From a very young age and as an artist, I have always simply enjoyed the process of creating images, starting with a blank piece of material accessible to anyone and turning into something that no other person would. Yes, this is indeed quite a broad statement to open an artist’s statement with however it does serve as a proper springboard for describing my work and the creative process behind it.
While studying at the School of Visual Arts in Manhattan to obtain a BFA in Illustration, pop culture, media, and the commercial art world heavily influenced my work at the time. Upon graduation in 2005, my immediate goals had become deeply involved with working with publications and graphic design studios, often times in a corporate environment and almost exclusively working digitally. Despite having found a glimpse of success in that arena, I quickly found myself feeling creatively tapped out and wanting to spend more time exploring my own aesthetic values.
My current creative process is one of constantly and quietly gathering inspiration from the world around me, creating images loosely based on those experiences, and ultimately using those images as a vehicle to offer the viewer an opportunity to see something or be somewhere s/he has not experienced before… or sometimes to simply notice common occurrences worth noticing. Most times the essence of what I am trying to capture or the desired mood of the piece will dictate the medium used- an encounter with a charming character should indeed appear warm, organic, and inviting. A next generation racecar should have a slick, cool, and calculated appearance. On the other hand occasional exceptions will apply as the juxtaposition of conflicting standards can be appealing- not unlike a shootout or chase scene set to “Piano Sonata No. 8.” Regardless of the intended feeling or medium used I always like to allow just a hint of the aesthetic values of my commercial past bleed through which somehow always results in something of a graphic nature. This can mean lines that are slightly harder than would be necessary, use of highly saturated color, or perhaps just an obsessive amount of detail.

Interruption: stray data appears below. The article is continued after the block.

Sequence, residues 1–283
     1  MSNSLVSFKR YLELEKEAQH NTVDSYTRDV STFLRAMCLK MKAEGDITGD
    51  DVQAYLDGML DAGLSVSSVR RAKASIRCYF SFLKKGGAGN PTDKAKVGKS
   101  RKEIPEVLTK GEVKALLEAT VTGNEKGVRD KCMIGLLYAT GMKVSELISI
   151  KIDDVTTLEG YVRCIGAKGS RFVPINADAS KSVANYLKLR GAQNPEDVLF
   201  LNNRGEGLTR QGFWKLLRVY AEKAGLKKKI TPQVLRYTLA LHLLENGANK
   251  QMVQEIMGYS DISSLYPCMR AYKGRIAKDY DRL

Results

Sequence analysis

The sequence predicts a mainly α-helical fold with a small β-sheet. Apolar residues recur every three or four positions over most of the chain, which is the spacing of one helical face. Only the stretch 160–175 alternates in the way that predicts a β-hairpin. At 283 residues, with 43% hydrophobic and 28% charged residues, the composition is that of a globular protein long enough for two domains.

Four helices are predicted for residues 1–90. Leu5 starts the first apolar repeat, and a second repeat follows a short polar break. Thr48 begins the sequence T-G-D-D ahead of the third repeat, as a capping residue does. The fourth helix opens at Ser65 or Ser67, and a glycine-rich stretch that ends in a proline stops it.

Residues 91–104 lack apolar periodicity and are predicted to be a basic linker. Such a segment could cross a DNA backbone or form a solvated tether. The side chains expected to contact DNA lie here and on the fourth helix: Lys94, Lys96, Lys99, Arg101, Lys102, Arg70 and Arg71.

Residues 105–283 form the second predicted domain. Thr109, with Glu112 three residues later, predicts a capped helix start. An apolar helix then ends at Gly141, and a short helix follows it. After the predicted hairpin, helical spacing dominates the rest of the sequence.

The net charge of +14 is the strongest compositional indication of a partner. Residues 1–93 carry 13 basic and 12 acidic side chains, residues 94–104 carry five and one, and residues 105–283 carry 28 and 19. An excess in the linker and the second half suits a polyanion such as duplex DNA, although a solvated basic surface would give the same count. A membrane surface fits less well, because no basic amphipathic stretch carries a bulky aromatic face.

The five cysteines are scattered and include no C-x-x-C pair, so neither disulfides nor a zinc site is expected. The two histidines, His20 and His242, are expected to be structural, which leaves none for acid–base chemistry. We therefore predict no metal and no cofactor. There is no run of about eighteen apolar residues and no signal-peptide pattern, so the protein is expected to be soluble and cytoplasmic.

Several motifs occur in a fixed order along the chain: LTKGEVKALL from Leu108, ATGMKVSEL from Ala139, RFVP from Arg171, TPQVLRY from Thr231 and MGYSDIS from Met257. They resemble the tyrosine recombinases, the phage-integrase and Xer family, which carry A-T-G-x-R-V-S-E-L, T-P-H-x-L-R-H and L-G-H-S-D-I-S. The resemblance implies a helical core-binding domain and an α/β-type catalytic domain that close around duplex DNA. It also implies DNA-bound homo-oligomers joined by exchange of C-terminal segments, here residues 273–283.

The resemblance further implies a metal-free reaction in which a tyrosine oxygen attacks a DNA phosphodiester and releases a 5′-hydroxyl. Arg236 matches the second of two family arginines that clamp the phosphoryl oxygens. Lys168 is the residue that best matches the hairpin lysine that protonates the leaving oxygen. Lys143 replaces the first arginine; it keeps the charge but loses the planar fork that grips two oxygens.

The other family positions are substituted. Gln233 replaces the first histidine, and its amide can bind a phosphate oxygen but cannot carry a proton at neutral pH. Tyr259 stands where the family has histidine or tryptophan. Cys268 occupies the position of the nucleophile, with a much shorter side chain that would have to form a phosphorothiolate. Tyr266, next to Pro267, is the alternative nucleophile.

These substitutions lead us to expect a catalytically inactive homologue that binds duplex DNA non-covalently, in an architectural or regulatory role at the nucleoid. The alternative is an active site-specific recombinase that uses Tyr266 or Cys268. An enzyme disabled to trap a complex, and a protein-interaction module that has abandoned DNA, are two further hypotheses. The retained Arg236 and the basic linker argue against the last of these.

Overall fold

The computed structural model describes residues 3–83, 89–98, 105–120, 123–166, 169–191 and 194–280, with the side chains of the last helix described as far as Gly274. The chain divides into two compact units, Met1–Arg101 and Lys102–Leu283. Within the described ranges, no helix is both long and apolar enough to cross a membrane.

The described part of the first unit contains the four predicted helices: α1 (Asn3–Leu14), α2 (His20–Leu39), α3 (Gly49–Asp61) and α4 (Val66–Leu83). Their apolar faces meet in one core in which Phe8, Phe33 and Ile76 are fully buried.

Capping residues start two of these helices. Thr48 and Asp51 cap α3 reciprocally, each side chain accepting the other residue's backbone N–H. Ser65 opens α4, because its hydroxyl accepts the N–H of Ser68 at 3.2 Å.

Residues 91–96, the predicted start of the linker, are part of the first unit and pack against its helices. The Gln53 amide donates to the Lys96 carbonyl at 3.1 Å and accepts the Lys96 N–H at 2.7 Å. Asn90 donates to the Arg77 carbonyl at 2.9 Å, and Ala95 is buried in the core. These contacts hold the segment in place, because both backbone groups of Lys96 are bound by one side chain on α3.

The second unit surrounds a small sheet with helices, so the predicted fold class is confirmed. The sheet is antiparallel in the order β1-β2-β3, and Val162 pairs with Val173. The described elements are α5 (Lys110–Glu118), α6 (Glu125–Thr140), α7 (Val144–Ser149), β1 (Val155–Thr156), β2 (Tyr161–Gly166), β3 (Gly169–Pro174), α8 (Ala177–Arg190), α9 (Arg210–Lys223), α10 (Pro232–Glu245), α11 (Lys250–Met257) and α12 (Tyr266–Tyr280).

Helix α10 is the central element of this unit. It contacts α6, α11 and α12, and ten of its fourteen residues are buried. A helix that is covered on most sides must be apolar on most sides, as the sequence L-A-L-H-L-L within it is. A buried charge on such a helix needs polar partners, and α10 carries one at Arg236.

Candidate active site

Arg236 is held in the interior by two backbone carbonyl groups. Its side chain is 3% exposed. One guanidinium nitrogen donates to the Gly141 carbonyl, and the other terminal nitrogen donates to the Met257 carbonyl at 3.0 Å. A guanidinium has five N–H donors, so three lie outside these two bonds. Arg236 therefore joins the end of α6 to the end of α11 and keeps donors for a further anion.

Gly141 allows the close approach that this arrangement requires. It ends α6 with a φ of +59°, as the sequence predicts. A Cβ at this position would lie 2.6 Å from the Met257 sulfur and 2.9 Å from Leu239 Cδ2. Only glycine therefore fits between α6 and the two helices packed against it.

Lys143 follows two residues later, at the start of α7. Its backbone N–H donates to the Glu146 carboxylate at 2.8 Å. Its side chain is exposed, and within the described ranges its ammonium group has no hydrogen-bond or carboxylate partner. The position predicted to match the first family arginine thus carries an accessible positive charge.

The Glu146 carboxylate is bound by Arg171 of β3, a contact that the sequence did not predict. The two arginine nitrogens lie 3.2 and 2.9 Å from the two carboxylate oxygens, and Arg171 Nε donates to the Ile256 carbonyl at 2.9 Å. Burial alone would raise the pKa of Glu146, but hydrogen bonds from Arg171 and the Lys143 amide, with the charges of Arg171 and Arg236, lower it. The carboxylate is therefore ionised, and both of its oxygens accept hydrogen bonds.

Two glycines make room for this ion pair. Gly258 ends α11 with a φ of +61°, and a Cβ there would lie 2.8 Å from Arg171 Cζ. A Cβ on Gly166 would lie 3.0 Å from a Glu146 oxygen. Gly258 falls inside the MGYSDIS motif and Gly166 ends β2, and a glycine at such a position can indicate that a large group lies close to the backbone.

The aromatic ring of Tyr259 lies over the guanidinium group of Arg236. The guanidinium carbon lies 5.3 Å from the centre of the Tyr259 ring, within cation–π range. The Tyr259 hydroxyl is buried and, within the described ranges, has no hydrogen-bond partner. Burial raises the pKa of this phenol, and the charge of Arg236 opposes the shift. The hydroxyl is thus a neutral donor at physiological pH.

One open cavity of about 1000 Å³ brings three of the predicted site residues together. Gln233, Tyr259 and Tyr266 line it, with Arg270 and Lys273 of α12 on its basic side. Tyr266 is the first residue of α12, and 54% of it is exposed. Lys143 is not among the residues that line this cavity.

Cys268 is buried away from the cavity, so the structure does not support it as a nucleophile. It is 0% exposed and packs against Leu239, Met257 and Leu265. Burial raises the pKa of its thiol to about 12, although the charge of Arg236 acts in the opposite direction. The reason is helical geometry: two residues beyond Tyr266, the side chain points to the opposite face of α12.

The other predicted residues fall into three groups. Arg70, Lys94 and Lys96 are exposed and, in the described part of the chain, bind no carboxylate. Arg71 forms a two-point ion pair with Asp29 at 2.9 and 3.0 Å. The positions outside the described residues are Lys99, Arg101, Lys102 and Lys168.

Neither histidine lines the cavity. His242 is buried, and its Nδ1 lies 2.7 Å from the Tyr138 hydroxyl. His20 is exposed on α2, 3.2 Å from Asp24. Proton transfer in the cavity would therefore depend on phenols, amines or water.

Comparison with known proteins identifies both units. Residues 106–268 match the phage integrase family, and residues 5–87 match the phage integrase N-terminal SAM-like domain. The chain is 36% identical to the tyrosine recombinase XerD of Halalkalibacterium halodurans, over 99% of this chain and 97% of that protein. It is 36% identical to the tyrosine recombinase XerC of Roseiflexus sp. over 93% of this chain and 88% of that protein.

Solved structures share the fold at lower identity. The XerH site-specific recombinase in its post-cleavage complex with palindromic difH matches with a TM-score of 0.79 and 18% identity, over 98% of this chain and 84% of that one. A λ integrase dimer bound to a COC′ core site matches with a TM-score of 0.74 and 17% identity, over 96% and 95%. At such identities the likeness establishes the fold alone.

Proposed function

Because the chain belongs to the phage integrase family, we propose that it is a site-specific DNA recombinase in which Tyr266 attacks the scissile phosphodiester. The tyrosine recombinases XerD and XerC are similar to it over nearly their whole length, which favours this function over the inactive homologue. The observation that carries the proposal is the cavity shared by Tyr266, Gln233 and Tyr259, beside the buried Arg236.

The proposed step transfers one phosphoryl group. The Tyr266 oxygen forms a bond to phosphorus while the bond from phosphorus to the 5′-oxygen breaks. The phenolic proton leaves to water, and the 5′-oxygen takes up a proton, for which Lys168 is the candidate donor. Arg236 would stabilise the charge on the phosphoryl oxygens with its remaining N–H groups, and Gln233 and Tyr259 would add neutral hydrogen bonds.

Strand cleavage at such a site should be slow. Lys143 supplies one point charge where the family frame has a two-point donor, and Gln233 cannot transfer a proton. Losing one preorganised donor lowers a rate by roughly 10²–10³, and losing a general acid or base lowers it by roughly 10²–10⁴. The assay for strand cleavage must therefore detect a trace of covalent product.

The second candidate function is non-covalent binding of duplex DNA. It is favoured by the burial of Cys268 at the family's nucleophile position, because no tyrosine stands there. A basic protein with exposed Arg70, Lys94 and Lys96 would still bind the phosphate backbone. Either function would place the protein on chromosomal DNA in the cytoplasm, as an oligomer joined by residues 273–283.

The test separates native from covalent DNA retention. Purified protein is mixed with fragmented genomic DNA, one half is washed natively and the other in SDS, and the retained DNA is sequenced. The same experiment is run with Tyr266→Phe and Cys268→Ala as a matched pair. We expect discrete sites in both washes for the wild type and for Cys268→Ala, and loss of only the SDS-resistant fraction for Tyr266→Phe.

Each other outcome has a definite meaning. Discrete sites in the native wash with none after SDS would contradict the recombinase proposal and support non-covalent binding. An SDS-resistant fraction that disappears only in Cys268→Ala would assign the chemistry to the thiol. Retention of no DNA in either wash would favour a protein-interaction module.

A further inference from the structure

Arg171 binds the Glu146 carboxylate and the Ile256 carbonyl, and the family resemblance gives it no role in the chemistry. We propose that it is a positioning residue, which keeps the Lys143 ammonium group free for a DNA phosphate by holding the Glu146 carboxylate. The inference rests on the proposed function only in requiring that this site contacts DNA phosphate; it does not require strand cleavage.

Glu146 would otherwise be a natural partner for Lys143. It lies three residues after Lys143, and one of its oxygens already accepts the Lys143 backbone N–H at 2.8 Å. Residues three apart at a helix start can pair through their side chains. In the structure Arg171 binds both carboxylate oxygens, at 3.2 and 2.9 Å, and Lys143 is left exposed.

Favored mediums currently tend to be acrylic paint and/or dry media (graphite) on various surfaces, though wood panel has become my latest most sought after material. The way wood accepts different materials, naturally offers a gentle mid tone when asked, and comes with a certain heft that paper and canvas do not are all aspects that I appreciate. This does not preclude the use of more common materials nor reverting back to an all digital approach when appropriate.
In regard to subject matter I am content with admitting that I generally draw creative energy from some of the most random and arbitrary of places- fellow artists, scientific reading material, funny or engaging stories told by friends, and even movies or video games. Occasionally, deeper emotional concepts are addressed as well but I am not one to set out to tackle political activism, social commentary, or challenging viewpoints, nor do I ever really depart from purely representational work. I feel this keeps the creative process enjoyable and the work immediately accessible to the viewer. I embrace the fact that I naturally lean toward this approach and do not feel married to a particular subject matter or viewpoint as it lends itself to a diverse body of work- a collection of images that just about any person could somehow relate to.